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Wednesday, June 2, 2010

Bachelor's Button (Centaurea cyanus)

I have been very interested this year to begin to become aware of the progression of wildflowers in this area. The early Fawn Lilies, Shooting Stars and Camas are all pretty much gone now and have been replaced by tall grass dotted with the brilliant blue flowers above and to the right. These bright blue flowers were one of the first I ever learned to recognize although I never knew the reason for the nomenclature until today (thanks to Wikipedia). It has a number of common names but the name I was taught was Bachelor's Button (Centaurea cyanus). The reason for the name was that in folklore it was a flower that would be worn in a buttonhole by a bachelor in love. If the flower faded quickly, it meant his love would not last.

I don't know about love but the picture to the right illustrates something which is definitely fading, the honeybee population. That insect digging around in the Bachelor's Button is not a honeybee. It's some kind of bumblebee.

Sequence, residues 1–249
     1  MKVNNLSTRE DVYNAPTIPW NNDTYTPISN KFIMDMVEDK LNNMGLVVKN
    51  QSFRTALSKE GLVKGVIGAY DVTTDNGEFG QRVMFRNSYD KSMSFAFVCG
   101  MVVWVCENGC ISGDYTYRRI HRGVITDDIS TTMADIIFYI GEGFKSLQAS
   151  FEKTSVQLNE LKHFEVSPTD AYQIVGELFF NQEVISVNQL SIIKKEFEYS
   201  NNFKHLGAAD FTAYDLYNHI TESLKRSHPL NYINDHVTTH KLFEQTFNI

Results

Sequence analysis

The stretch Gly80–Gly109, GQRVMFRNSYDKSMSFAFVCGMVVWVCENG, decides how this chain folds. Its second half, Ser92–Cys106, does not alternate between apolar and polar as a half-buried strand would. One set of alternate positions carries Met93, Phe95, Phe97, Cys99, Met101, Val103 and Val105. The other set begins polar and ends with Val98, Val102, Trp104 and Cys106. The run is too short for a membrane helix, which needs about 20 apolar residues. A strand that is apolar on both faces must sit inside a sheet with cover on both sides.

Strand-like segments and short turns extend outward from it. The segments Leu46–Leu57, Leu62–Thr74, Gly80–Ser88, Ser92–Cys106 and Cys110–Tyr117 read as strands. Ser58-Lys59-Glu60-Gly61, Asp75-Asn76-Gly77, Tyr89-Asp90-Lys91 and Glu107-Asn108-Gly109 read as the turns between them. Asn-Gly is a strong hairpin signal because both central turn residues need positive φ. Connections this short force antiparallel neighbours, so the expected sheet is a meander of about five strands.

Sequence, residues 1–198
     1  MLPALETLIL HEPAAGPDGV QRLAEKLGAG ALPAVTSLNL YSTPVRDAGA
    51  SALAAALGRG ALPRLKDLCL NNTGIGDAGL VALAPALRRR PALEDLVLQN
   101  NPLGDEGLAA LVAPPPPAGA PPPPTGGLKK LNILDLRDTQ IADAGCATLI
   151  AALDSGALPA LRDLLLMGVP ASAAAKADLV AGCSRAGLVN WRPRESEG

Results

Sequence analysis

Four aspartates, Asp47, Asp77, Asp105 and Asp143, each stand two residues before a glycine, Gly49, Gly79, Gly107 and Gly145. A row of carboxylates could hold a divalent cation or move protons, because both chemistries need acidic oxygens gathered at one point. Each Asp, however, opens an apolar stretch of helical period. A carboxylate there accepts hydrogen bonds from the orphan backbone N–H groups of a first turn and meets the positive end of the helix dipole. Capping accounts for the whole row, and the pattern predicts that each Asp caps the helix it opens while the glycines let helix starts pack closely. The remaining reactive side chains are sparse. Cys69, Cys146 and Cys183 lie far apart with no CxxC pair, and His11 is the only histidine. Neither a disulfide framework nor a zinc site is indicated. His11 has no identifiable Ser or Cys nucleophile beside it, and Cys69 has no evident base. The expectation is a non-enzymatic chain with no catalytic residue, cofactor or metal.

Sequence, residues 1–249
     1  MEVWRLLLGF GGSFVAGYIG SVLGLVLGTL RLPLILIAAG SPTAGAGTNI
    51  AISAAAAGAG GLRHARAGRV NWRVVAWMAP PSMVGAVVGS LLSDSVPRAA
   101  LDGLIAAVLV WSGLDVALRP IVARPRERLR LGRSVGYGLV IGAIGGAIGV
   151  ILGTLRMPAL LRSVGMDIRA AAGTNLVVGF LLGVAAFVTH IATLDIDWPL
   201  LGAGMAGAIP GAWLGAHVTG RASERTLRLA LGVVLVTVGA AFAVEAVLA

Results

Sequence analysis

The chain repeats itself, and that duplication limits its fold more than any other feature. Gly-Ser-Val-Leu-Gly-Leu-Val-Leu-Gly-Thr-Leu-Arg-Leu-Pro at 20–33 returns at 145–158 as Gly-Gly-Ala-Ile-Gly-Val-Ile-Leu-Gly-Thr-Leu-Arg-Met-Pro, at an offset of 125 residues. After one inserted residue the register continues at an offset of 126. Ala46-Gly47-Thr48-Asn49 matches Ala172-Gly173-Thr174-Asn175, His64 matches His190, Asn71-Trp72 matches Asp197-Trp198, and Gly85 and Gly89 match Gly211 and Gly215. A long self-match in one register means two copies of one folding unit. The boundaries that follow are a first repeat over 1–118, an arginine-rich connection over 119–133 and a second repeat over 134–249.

I've not seen a honeybee this year though I've been out photographing flowers almost every sunny day since spring began. Honeybees are disappearing over large parts of North America and Europe and nobody quite knows why. There are some stories on the phenomenon HERE and HERE.

4 comments:

Dean Lewis said...

Wow, beautiful!
Great close-up.

JoJo said...

One of my fave flowers. My mom had them in her garden when I was a kid. Terrible about the honey bees though.

Dean Lewis said...

Thought I saw one single lonely honeybee on the harbour the other day. Along with disappearing frogs, it seems some species are very vulnerable to subtle changes, like canaries in the coal-mine. Frogs, I believe are hyper-sensitive to increased UV rays.

Bibi said...

These caught my eye on the portal. Truly lovely. I've visited Victoria!